A. Ostensibly, because Jerusalem had to be united as the ’eternal capital of Israel’. But why, in late June 1967, annex 60 square kilometers of villages? Why not just annex the seven square kilometers of urban Jerusalem which constituted Jordanian Jerusalem between 1948 and 1967 and (along with then relatively small West Jerusalem) British Mandatory Jerusalem until 1948. Why annex the non-Jerusalem rural periphery?

Here is where the mistakes of post-1967 history explain Ben Gvir’s problem. As a young officer in IDF Headquarters Intelligence during the Six-Day War, I recall vividly the immediate post-war assessment regarding what victorious Israel, sitting on territory stretching from the Suez Canal to the outskirts of Damascus, could expect from the US-led international community. If in 1949 and 1956 the United States forced the IDF to withdraw from Sinai and the Gaza Strip, this time around we would be forced to withdraw not only there but from the Golan and the West Bank, too.

What to do before the United Nations Security Council convenes? Decide what we really must hold onto and create a fait accompli! And what we really needed, the Labor-led government of Israel decided, was a united Jerusalem. A team of geographers and IDF generals was given a mandate to propose, within a few days, new borders for annexation.

The annexation team decided that merely holding onto those seven square kilometers that actually define East Jerusalem (roughly, from the Temple Mount to and comprising Mount Scopus-Mount of Olives, including the holy places of the three monotheistic religions) would be militarily indefensible. So it drew a line on the map to include every West Bank hillside to the north, east and south of Jerusalem from which Jordanian snipers had fired into Israeli Jerusalem before the war. In other words, the team assumed that we would shortly be forced to withdraw from the West Bank, and the Jordanian snipers would be back. (Prior to the war, as an officer-trainee I had lain in night ambushes in Jewish Jerusalem, facing those Jordanian snipers to the east.)

Oh, and when Jerusalem Mayor Teddy Kollek told the team that a proper capital of Israel needed an airport of its own, a line was drawn around a finger of Arab villages and refugee camps pointing north, all the way to the outskirts of Ramallah. There lay a British-era landing strip known as Atarot or Kalandia. Tens of thousands more rural Palestinian Arabs became Jerusalemites. And today the airport is closed because Ramallah housing expanded right up to the runway.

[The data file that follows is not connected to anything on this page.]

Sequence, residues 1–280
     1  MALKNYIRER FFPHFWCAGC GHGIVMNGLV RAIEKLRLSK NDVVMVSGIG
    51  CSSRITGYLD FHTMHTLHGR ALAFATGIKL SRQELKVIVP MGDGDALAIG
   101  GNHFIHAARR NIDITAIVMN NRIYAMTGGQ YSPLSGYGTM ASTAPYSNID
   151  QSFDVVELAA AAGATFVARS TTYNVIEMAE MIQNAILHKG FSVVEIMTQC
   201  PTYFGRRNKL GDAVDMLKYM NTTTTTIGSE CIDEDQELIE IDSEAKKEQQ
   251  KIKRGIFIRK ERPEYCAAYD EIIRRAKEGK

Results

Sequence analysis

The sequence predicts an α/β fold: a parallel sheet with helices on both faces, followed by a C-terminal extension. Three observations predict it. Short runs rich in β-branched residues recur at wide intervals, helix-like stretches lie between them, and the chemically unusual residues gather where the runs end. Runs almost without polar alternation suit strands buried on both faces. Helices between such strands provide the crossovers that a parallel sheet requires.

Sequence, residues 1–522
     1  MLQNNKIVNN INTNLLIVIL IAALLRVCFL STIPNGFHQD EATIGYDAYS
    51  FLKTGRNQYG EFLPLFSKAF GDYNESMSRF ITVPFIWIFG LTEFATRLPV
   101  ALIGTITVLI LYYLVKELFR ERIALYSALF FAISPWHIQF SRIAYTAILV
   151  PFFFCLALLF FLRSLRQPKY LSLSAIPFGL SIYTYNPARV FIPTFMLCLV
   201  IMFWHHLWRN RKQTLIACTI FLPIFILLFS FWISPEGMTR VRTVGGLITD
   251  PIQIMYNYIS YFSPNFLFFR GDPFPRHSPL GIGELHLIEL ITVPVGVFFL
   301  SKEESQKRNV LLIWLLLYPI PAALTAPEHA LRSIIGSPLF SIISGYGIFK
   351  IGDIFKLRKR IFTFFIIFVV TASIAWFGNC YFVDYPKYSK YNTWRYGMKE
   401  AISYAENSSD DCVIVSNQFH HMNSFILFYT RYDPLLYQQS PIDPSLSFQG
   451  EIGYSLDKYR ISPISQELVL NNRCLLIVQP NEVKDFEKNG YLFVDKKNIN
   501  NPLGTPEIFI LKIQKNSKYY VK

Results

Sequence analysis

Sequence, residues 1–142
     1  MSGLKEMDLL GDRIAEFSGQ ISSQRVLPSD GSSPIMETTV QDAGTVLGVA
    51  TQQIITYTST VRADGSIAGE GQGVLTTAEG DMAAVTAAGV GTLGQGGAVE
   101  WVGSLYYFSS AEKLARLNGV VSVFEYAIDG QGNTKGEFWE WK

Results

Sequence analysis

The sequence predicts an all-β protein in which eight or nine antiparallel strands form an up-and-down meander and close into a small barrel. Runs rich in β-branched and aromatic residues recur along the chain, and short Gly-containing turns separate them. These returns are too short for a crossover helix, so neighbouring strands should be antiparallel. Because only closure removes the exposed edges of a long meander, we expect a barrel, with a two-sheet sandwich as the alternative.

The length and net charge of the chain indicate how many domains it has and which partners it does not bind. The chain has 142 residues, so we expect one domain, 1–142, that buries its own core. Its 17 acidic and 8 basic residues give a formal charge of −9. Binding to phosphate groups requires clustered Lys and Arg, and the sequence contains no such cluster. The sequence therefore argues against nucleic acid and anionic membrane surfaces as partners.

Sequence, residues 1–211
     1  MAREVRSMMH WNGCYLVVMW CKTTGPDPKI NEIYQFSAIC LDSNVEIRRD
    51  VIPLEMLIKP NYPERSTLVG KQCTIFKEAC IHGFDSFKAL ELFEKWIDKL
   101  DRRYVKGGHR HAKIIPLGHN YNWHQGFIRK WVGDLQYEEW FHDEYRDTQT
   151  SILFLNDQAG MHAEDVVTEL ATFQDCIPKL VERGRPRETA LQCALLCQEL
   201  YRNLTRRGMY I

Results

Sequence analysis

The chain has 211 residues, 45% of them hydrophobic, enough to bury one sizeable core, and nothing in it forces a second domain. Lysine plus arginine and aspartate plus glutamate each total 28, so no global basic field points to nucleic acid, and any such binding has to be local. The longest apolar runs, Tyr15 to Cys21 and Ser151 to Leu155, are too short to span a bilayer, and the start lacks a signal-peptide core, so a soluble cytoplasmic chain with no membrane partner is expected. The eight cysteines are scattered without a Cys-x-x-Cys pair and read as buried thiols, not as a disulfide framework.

Thus did the expanders of Jerusalem attach to it a multitude of villages that had never in history been a part of the city. What might have been an absorbable Arab population in the seven square kilometers is now nearing 400,000. Ben Gvir does not have a clue what to do about it.

So unmanageable are parts of East Jerusalem that the security fence leaves some of them beyond their own municipality. Take a ride north from Jerusalem to Ramallah, capital of the Palestinian Authority, and you drive through a gate in the fence, then through Kafr Aqab with its tens of thousands of Arab Jerusalemites: where no Israeli police officer dares tread; where you can drive on the wrong side of the road unhindered; and where the Jerusalem municipality calculates municipal taxes using only drones to measure building size because city officials stay clear of Kafr Aqab.

United Jerusalem, eternal capital of Israel? Most Israelis live with this definition by simply ignoring Arab East Jerusalem, where they never set foot. But now there is a lone-wolf intifada of young Palestinian Jerusalemites. They are free to move about and threaten prosperous Jewish neighborhoods and to barricade run-down Arab neighborhoods.

Ben Gvir take note: this is the doing of a left-led Israeli government in 1967! In retrospect, it made incredible strategic miscalculations about US intentions and the fate of the occupied territories. Miscalculations that, unlike in the case of the Oslo Accords and the Gaza withdrawal, subsequent governments, left and right, have only made worse.

Now, Ben Gvir, it is your turn. And note that Ramadan--always volatile in Jerusalem--is only a month away.